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An Impassioned Defense of Stubbs the Zombie

This misfit, misplaced game from the mid-2000s always deserved better.

This article first appeared on USgamer, a partner publication of VG247. Some content, such as this article, has been migrated to VG247 for posterity after USgamer's closure - but it has not been edited or further vetted by the VG247 team.

You probably haven't heard of this game. If you have, you probably didn't care about it when it came out. If you did care, you likely don't anymore. If you still care, you're a thin minority at best.

Screw it anyway. This is my impassioned defense of Stubbs the Zombie in Rebel Without a Pulse, the game nobody asked for and that nobody remembers. Fifteen years later, I'll still stand alongside it.

A little context for most readers: Stubbs the Zombie would've been a bizarre creation in any era, an action-adventure/platformer/driving/strategy/horror/comedy/musical/romance/sci-fi knockabout released in 2005 and the debut creation of its developer, Wideload. In it, the titular Stubbs reawakens in the city of Punchbowl, America (which has a campy, sixties-era retrofuturist aesthetic), created when the hidden body of a murdered salesman gets unexpectedly revived by an experimental plant fertilizer. He then decides to turn the whole world into zombies, because… well, because the format demands it.

Rebel Without a Pulse might've lacked depth and nuance, but its great presentation and lovable protagonist made it memorable and charming. | Wideload/Aspyr

So no, Shakespeare it ain't, but there's a wonderfully dark humor that runs through the whole game, placed carefully between the cartoonish and the callous. I refuse to believe Evil Dead didn't have some influence, as much of the comedy derives from gory, brutal slapstick, with Stubbs chewing open enemy skulls and dragging an increasingly large horde of undead behind him. Later on we also get to enjoy him give a rallying speech to the same horde, composed entirely of bellowing the word "brains!" in varying tones and inflections. Then he runs away from an explosion and trips over a farmyard sheep.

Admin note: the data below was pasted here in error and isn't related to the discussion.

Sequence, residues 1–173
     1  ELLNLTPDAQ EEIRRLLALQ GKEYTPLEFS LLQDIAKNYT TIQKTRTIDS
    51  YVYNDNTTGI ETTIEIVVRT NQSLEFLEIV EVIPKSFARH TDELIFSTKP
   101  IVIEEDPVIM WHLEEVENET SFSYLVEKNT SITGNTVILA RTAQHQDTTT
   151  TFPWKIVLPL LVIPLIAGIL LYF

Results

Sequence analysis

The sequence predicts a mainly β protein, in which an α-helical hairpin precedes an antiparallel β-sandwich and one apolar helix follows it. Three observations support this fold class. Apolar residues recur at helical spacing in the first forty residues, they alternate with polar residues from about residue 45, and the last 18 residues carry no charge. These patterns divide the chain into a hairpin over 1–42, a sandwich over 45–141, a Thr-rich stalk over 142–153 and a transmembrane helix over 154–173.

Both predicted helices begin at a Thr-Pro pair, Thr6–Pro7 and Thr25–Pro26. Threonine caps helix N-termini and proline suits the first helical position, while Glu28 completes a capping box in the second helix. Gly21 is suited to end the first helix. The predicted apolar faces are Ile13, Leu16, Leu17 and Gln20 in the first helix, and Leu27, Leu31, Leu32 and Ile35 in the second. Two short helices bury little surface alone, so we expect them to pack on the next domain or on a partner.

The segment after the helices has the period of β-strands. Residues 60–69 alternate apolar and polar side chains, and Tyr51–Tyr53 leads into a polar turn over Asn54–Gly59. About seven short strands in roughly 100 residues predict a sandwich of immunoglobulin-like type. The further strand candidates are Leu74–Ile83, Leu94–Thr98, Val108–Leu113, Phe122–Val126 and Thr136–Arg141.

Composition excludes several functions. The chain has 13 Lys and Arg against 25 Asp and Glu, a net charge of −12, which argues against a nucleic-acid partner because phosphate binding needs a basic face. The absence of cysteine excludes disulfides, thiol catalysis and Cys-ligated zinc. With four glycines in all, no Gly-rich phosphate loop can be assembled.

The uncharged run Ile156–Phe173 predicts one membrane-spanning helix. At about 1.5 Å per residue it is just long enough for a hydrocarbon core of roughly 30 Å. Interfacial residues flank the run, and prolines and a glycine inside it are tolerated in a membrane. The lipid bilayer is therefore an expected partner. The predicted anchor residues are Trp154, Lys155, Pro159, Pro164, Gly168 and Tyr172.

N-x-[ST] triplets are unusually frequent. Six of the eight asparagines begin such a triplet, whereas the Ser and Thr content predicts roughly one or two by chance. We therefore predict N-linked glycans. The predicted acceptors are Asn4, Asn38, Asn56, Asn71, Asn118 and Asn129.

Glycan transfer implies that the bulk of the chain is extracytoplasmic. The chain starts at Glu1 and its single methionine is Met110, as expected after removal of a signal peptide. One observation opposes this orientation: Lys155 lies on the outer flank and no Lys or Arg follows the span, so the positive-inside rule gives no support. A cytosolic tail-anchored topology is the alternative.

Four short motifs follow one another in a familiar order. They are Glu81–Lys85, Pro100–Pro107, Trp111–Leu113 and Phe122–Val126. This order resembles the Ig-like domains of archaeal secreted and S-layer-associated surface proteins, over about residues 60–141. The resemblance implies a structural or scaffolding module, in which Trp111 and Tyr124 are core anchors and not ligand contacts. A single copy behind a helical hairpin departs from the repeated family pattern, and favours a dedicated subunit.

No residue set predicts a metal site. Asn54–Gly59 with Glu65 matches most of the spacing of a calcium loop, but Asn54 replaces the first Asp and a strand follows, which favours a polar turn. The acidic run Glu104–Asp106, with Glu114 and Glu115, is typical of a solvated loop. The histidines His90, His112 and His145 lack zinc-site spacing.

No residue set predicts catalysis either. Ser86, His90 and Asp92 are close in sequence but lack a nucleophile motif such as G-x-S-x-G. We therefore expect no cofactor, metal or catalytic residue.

It's all very silly, but all the blood and horror—we are witnessing the end of the world, after all—add a certain spice that sticks with you long after you stop playing (though the game's painful shortness means that won't be long). It's macabre, but also oddly innocent. Stubbs doesn't even come across as spiteful or evil, instead acting like he doesn't quite understand that what he's doing is bad. Hell, one of the few memories he keeps from life is an unbridled love for his former girlfriend. He feels more sweethearted than heartless, even while leaving a trail of actual hearts behind him.

The gameplay is where things fell down for most people. Rebel Without a Pulse was built off the original Halo engine, but there's little of Bungie's beloved gunplay on display here. Most of your time is spent running into a battlefield, strategically finding the right humans to bite, then leading the newly-infected toward more survivors, hoping that your losses are outweighed by the addition of freshly-bitten recruits.

It's not a perfect system, largely let down by a lack of real depth on either a mechanical or tactical level. The only control you have over your horde is either to whistle for them, give individual zombies a brisk shove, or just trust they can work things out on their own (a lot to ask from minions who had their brains eaten). The best they can do on their own is walk straight towards the enemy and chomp on them the moment they're within arms' reach. Meanwhile, Stubbs does what he can on the frontline by slinging gas-filled organs as grenades and mind-controlling human enemies with his severed hand, allowing you to co-opt whatever weapons they're holding. It's a gameplay model largely held up by little pleasures and gimmicks, like the ability to leap into vehicles or rip off an opponent's arm and beat them with it. (More games should have this feature.) There's even a palpable sense of escalation, as we go from idyllic utopia in the first levels to apocalyptic warzone in the final scenes.

Excuse me, can I pick your brain for a second? | Wideload/Aspyr